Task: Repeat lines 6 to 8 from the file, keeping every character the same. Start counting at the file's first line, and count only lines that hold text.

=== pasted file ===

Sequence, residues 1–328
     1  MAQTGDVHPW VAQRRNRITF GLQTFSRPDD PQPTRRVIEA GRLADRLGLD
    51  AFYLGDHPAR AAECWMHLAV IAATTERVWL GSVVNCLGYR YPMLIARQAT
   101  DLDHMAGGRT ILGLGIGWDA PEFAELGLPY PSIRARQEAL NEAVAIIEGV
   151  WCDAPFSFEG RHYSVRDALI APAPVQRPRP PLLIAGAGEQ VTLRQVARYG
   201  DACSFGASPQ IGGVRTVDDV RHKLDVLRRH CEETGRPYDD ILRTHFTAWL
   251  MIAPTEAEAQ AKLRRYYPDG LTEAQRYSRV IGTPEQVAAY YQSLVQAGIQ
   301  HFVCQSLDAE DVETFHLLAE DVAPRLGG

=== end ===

   201  DACSFGASPQ IGGVRTVDDV RHKLDVLRRH CEETGRPYDD ILRTHFTAWL
   251  MIAPTEAEAQ AKLRRYYPDG LTEAQRYSRV IGTPEQVAAY YQSLVQAGIQ
   301  HFVCQSLDAE DVETFHLLAE DVAPRLGG